Spirit of the Beehive | cover artwork by Rivka Ravede
Spirit of the Beehive find new life on Entertainment, Death
Spirit of the Beehive have the quality of a fruit that’s hard to eat: a mango or pomegranate, one that forces you to dig around the rind looking for bits of edible meat. Paradoxically, those are often the best kinds of fruit. Something about the effort and intentionality of eating one brings you closer to the fruit itself, touching a very primitive desire to consume.
On Entertainment, Death, Spirit of the Beehive are more aware than ever of this desire among their listeners. Their music is mealy and tantalizing at times, but worth it when a groove drives in just right. And just as quickly as it lands, it’s taken away. To fully appreciate the spectacle laid out here, you have to dig in and give it time, but it’s worth it for the way the songs can envelope you in their nuance.
The band is leaner than they’ve ever been as a trio, including original members Zack Schwartz and Rivka Ravede, and relative newcomer Corey Wichlin. This is their fourth album but their first for Omaha-based label Saddle Creek. The phrase “your favorite band’s favorite band” has become a cliché, but for fans of Mitski that’s true. “They would make weird soundscapes,” she said of Spirit of the Beehive, speaking with Amoeba Music, “but then suddenly open up to a super-pop melody that you can sing along to, and then go back to weird. I think it’s very beautiful.”
Wichlin, as a multi-instrumentalist, may be the force behind the dystopian synthesizers that speckle tracks like “THERE’S NOTHING YOU CAN’T DO” or “WRONG CIRCLE” (all the song titles on Entertainment Death are, for whatever reason, rendered in all caps). The electronics on this record recall the likes of Boy Harsher or Oneohtrix Point Never, and one can draw easy comparisons to other Philly mainstays like Alex G and Palm.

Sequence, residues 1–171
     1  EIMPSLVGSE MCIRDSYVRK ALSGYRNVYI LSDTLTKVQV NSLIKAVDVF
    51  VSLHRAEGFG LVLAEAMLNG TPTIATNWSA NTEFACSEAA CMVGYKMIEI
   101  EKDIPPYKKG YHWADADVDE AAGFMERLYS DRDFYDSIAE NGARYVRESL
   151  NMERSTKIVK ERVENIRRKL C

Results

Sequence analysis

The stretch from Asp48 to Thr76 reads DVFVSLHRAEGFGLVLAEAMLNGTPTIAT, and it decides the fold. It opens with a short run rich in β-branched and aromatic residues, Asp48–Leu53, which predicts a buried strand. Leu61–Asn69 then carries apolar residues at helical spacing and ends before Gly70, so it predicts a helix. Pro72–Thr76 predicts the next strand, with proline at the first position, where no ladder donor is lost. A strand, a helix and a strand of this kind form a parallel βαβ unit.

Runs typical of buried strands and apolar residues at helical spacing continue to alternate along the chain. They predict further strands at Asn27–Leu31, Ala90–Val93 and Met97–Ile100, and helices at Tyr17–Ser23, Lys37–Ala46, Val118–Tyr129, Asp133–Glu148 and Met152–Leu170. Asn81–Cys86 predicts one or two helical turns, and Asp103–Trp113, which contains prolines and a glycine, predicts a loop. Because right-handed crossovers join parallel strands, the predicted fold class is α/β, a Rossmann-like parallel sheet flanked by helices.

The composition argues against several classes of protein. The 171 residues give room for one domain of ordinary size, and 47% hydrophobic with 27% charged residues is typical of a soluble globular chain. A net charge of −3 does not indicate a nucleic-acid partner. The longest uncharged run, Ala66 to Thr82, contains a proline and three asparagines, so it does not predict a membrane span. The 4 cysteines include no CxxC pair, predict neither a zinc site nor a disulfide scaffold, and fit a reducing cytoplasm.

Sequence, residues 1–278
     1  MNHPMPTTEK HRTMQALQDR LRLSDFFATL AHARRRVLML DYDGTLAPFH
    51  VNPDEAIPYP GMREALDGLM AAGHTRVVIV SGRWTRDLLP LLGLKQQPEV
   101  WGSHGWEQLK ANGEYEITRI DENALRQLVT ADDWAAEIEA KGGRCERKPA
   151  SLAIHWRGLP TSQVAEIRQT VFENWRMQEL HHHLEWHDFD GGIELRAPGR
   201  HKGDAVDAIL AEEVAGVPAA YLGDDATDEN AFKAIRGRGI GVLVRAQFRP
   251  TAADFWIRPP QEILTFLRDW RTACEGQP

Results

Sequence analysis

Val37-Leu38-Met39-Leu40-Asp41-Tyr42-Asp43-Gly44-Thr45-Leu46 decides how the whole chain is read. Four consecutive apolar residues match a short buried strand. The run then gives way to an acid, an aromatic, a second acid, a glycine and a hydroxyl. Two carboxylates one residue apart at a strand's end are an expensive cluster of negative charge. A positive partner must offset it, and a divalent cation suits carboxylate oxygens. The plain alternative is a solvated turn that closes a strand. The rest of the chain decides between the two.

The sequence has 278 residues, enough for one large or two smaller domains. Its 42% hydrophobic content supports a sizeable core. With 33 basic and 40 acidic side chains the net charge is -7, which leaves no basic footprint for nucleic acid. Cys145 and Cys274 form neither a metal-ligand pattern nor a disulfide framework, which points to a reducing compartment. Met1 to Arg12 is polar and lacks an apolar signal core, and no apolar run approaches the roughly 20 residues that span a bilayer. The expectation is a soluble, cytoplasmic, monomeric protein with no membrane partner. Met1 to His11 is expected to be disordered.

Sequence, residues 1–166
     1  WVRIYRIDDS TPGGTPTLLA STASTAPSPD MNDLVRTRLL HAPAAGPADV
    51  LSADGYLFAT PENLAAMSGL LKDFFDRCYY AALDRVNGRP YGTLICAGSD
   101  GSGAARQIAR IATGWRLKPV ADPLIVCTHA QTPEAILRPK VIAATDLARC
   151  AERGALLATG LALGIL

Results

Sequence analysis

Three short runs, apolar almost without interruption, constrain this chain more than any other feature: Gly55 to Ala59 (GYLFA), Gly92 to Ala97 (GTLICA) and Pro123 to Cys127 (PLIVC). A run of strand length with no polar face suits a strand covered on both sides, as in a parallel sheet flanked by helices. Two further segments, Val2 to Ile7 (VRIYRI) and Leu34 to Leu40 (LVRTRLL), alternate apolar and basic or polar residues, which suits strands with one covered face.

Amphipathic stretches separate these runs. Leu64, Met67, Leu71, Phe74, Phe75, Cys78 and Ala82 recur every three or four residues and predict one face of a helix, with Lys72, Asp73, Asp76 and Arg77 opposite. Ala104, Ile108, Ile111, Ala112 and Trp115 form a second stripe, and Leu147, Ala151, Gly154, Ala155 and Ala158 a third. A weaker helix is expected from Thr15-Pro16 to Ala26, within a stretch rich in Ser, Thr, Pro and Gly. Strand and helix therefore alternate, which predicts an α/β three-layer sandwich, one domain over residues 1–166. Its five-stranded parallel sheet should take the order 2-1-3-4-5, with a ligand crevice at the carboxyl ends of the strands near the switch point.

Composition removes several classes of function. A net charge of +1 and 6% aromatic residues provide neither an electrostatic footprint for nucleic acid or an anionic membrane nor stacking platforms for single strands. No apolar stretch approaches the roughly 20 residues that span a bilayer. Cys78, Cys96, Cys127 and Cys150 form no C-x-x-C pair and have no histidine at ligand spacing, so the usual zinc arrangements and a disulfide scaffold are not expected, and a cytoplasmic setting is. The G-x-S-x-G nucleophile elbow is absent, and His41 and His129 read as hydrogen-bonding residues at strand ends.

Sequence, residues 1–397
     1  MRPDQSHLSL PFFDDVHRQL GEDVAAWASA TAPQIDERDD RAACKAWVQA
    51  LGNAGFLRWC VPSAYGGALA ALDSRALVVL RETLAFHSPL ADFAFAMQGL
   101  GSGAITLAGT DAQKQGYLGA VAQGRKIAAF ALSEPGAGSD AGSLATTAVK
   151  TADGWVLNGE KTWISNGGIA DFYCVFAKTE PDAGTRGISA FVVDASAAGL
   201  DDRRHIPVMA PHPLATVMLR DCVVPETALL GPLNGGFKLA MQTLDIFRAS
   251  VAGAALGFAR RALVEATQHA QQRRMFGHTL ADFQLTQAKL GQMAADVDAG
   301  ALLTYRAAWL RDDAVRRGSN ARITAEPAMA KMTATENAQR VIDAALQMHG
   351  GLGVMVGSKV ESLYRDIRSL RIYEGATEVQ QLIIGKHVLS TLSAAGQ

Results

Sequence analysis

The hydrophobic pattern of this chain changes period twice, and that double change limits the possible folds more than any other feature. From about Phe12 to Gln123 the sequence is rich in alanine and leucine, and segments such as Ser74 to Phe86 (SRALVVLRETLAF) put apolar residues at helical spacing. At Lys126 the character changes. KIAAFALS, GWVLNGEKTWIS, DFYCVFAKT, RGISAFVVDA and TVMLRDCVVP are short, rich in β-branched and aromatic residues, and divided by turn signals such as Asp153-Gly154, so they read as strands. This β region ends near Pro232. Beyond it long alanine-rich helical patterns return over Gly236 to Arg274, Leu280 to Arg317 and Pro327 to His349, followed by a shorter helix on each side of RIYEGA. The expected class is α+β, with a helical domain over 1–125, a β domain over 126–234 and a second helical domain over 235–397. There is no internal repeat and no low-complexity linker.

The group admit their songs may be difficult to discern meaning in, given their stream-of-thought approach to lyrics and their scrapbook-esque sound – every track is a mix of instruments, found sound mostly from vintage commercials, and vocals that are often distorted beyond recognition. The album almost lives within a ProTools session, it seems; you can imagine blocks of audio speckled in no predictable order like post-it notes on a messy workspace, tied together by more coherent throughlines of droopy guitars and phrenetic drums.
In a year without live performance, it seems fitting that Entertainment, Death would almost be impossible to take to the stage in a way that “captures” the same encompassing design of its tracks. Typically, when a sound is described as “dreamlike,” one might think of Alvvays or Mazzy Star – the sort-of hazy, Dorothy-in-the-poppy-field experience. That applies to Spirit of the Beehive to an extent, but you might also think of the banal dreams where you have wordless conversations, a vague sense of unease, and remembering something from one second to another is difficult. In the process of writing this review, I’d wake up in the morning with melody from one of these songs stuck in my head, with no idea how it fit into the dream I had just left.
This might stem from a previous habit of listening to Hypnic Jerks (a term used for the falling sensation you can get just before falling asleep) while riding the subway to work. To have that space and time to focus in on the album – albeit crunched into cheap headphones and drowned out by the typical car rattle – reinforces how their sound is perfect for delving into and letting yourself become distracted.
Spirit of the Beehive occupy a hazy place in my mind – a band I’m more inclined to call a “collective” to indicate both their changing lineup, but also that I’m never really sure what they sound like. This album accomplishes more of what they do best: it takes styles you’re familiar with, splices them together in ways you no longer recognize, and makes you realize those too are wonderful. At times it is ground-breaking or insanely exciting, other times it can be frustrating; that mix is just unpredictable enough to keep you absorbed. Entertainment, Death’s crucial comma seems to recognize that there is a step-by-step process for life: entertainment until death.
Spirit of the Beehive’s Entertainment, Death is out today on Saddle Creek Records; grab a download or order a physical copy at the label’s website.